For a country slated to become the third largest Internet market in the world after China and United States, broadband speed and penetration sucks! Don’t go by our words. Here’s more proof: According to a new report, sixty countries around the world had broadband adoption levels greater than 10%, while China and India had the lowest levels of adoption among countries on the list, at 3 % and 1.2 % respectively.
Like before, India remains the country with the lowest average connection speed in the region at a 1 Mbps. The latest Akamai state of the Internet report reveals that India and China are lagging global peers when it comes to broadband penetration but there is hope. While the average connection speed in India is in the pits, there has been significant improvement in the first quarter of 2012, the report said.
For the quarter, average connection speeds as compared to the same period a year ago has seen a significant growth in India and China which delivered yearly growth above 20 % in the first quarter.
The top three countries in the Asia Pacific region remained South Korea, Japan, and Hong Kong. The 16 % jump in India’s average connection speed pushed the country back up to the 1 Mbps mark, after falling just below it last quarter. India had the largest improvement in peak connection speeds at 21 % over the previous quarter, improving its average peak connection speed to 6.9 Mbps, followed closely by Singapore’s 20% increase, to 28.6 Mbps. Japan was the only other country to see quarterly growth in excess of 10%, growing 17% to reach 39.5 Mbps in the first quarter.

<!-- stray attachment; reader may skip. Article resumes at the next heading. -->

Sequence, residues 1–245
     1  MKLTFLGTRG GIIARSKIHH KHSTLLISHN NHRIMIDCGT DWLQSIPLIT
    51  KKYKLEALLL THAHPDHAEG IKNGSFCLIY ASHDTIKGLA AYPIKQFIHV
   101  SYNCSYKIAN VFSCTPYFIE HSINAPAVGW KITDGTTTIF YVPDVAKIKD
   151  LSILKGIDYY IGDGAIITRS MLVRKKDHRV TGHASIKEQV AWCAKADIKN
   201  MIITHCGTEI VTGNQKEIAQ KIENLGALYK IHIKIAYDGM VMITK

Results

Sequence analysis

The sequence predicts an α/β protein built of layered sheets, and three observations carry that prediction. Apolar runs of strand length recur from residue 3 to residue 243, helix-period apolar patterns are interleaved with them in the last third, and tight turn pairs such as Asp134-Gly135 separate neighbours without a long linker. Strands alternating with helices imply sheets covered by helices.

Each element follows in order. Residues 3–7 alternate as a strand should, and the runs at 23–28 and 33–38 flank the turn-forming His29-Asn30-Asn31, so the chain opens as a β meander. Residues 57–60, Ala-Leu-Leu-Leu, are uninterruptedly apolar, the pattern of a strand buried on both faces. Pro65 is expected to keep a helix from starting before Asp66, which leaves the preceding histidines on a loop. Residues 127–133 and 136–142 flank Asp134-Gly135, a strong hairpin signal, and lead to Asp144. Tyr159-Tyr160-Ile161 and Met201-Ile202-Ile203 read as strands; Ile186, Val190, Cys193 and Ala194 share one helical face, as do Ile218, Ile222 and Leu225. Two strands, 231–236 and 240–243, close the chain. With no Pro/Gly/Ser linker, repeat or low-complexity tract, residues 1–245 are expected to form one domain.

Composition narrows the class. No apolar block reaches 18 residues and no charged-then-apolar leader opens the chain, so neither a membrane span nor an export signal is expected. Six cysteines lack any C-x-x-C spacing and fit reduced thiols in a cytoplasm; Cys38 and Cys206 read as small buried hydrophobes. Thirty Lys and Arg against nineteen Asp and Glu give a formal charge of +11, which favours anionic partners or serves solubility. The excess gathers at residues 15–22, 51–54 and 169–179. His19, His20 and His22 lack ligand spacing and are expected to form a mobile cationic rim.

“Although India and China have the lowest average peak connection speeds in the region, these speeds have continued to increase over the long-term, as they grew 33% and 46% respectively from the first quarter of 2011,” the report said. It also added that, In India, Malaysia, and the Philippines, there is a clear need for high speed Internet connectivity to be more widely deployed — over time, with increased availability of such connections, these countries will qualify for inclusion within the list and will ideally be able to drive adoption rates up above the 1% mark.